Date of Award


Document Type


Degree Name

Doctor of Philosophy (PhD)


Educational Leadership - Higher Education

Committee Chair/Advisor

Rachel Wagner

Committee Member

Tony Cawthon

Committee Member

Natasha Croom

Committee Member

Pamela Ritzline


In physical therapy education, there is a shortage of physical therapy faculty members. Considering this shortage, it is essential to understand new faculty’s experiences in order to recruit and retain qualified individuals. New faculty are often recruited directly from clinical practice for their expertise but lack training in teaching and learning. Using Schlossberg’s transition therapy as a framework, the lived experiences of physical therapy faculty members’ transition from clinical practice to academia was explored. The purpose of this study was to 1) explore the work-role transition of new faculty members in physical therapy education programs, 2) identify potential resources faculty members need to navigate the role change and identify deficits in resources needed to cope with the transition. In depth interviews with 9 faculty members who transitioned from clinical practice to academia were conducted.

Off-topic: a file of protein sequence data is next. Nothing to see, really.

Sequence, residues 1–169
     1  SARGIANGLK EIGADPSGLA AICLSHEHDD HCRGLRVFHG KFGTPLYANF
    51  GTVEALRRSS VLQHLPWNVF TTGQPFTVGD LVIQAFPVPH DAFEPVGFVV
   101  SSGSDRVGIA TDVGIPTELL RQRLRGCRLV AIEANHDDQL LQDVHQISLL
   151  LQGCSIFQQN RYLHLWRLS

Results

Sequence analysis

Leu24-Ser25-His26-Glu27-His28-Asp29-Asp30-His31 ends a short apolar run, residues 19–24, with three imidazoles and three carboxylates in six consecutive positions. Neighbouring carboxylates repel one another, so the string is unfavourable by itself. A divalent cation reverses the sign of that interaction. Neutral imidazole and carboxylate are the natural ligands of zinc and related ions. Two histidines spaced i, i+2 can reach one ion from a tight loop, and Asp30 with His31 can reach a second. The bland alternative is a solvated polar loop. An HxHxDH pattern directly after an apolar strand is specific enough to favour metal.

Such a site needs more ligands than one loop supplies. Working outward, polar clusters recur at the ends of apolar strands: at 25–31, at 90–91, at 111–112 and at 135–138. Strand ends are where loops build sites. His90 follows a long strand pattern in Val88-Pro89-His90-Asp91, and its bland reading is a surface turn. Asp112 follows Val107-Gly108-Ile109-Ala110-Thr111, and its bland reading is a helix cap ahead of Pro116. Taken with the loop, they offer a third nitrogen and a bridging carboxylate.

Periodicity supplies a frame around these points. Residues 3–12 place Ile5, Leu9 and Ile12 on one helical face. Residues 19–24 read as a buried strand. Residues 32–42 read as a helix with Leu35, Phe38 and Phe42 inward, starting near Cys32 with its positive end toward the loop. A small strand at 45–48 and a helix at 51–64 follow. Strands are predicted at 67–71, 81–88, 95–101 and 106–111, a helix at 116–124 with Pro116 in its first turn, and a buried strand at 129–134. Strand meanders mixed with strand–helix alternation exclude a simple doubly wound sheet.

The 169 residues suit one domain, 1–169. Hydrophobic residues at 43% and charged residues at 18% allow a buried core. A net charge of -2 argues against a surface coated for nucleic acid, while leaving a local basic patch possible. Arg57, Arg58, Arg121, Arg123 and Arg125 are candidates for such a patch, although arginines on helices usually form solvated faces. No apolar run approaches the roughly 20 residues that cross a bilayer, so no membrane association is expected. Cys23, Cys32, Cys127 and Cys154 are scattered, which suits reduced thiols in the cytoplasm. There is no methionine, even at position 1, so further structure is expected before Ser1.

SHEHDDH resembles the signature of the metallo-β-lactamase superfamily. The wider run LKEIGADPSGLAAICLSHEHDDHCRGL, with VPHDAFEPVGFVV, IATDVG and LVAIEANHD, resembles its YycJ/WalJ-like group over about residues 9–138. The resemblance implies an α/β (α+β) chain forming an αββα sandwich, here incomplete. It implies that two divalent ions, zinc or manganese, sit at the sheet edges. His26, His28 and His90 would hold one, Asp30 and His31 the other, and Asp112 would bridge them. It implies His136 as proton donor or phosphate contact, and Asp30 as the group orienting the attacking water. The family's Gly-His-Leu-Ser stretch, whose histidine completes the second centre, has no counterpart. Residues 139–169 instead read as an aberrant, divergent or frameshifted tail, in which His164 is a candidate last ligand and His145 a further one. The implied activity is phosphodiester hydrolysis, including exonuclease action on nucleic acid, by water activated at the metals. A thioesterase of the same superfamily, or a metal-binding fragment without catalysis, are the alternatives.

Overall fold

New faculty members make sense of their transition into higher education by comparing the clinical setting to the higher education setting. These faculty members further their understanding by engaging in ongoing learning, mentorship, and experience. Personal characteristics of assertiveness, lifelong learning, and an innate drive were found to be assets for new faculty members. Support systems that were an asset to individuals transitioning from clinical practice to academia were mentorship and support for developing educational practices. Participants also noted resources and support that were lacking including a thorough orientation and lack of mentorship. A lack of these resources contributed to faculty members feeling isolated and overwhelmed.

The findings of this study provide a unique glimpse into new physical therapy faculty who transition from clinical practice. Knowing the transitional experiences of new faculty is beneficial for programs, institutions, and those interested in moving into academia. With a shortage of physical therapy faculty members, institutions and the greater physical therapy education community need to create strategies to aid individuals in coping with the transition into academia. Strategies include more opportunities for mentorship with other seasoned faculty members, faculty development activities that promote collaboration, and time management strategies to improve work life balance.



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